Yesterday afternoon I ran across the Brooklyn Bridge. It’s not the easiest run, nor the shortest; those clever Roeblings somehow contrived to build the span so it goes uphill from the Brooklyn side for about 70% of its length, and then, remarkably, from the Manhattan side it does the same.
I confine my running to the gym for the most part, for a couple of reasons. The main one is that I’m thinking about my knees while I’ve still got them, and the cross-trainer has no impact for the knees and ankles; also that little shelfy thing for the CD player? Handy. On the bridge my crappy plucky flimsy cheapo set crosses its arms, plants its feet and refuses to go any further, smack in the middle of Elvis Costello’s Starting to Come To Me, which admittedly is on its third or fourth replay. So maybe it’s just getting bored.
On the other hand, I’m being one of those terrible people singing along, loud, to music you can’t hear, but I figure since I’m running I’ll get away with it. Maybe it’s divine payback.
Angel: Lord, check out that guy on the Bridge.
God: Hmm? Hmm. He’s not very fast, is he?
Angel: That’s not what I mean. He’s doing that thing.
God: What thing?
Angel: Singing. With headphones. Elvis Costello.
God: That’s just wrong.
CD Player: Wait, wait. It’s not my fault. It’s so not my–
The bridge span runs 2.25 miles from end to end and back again. I’d like to tell you I run all of it, but the truth is I’ve never mastered the art of running slowly, and so I pelt along in good bursts and then have to walk for a bit. Somewhere between half and two-thirds goes past at speed, and the rest is cooldown.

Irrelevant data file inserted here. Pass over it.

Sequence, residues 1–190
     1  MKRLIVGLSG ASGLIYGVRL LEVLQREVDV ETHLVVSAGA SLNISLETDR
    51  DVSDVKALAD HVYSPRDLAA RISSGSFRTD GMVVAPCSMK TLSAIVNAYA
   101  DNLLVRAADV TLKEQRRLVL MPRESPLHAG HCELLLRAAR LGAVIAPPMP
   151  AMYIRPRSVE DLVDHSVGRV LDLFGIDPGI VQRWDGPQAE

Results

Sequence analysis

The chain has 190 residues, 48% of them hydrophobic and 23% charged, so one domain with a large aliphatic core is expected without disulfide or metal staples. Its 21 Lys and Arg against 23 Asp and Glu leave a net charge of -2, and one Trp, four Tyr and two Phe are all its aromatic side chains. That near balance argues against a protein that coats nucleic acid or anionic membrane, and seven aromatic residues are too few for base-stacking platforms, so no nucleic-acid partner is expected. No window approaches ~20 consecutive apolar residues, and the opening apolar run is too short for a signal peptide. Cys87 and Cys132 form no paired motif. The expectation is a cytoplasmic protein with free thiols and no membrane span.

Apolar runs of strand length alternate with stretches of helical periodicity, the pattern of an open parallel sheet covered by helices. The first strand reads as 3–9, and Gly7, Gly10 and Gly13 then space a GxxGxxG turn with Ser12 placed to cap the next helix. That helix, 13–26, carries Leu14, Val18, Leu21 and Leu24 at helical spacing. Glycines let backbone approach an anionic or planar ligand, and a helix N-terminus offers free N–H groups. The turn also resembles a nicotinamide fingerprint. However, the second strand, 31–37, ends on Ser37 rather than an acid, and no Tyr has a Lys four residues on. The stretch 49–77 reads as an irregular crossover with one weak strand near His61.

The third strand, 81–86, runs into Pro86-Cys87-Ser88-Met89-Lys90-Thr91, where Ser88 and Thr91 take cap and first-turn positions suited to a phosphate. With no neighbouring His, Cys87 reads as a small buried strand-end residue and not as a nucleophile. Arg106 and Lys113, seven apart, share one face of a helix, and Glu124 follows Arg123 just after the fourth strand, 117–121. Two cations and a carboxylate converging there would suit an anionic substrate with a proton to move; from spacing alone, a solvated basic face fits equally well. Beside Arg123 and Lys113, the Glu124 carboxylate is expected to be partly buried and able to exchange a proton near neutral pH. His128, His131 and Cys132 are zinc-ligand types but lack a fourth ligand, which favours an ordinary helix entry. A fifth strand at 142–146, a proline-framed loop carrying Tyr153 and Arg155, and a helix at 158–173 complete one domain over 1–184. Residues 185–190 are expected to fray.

Years ago I briefly dated a girl who ran, every morning, for miles. We ran together only one time, with “together” being a generous concept, since she hit the ground and left me in the dust (she was fast, she was).
As with most of our moments, it was a microcosm of the, well, I guess we have to call it a “relationship,” though it really wasn’t one. Some of these run on a tragic kind of metonymy, where each awful moment contains the greater flaws of the terrible whole. While the fire is lit, it’s fascinating. After, every memory is limned with an inward, twisting sadness.
Later that day we came up for air in some vestibule or behind some building — she was cheating on a boyfriend she had left without telling him, and we were a hot little secret, and the same was about to be done to me — and I asked her about the running. I wouldn’t mind going with her again, I said. She liked the idea, she had a thing about being alone. But it’s not any fun if we’re not running together. Could we try that?
She kissed me. “It’s not going to work,” she said. “Linus,” she said. “You’re just running. I’m running away.” And then she took off her shirt. And we ran.
An announcement: I’m a member of an online photo community called Utata, which is a pretty fascinating group photoblog with benefits. We do periodic non-juried projects, which tend to come out amazingly well. The current one is Utata Goes to the Movies, in which we created images in homage to films or genres, or plotting out yet-unmade flicks. It’s a beautiful place to browse, and I recommend it. If you’d like to start off with my three shots, this is where they live.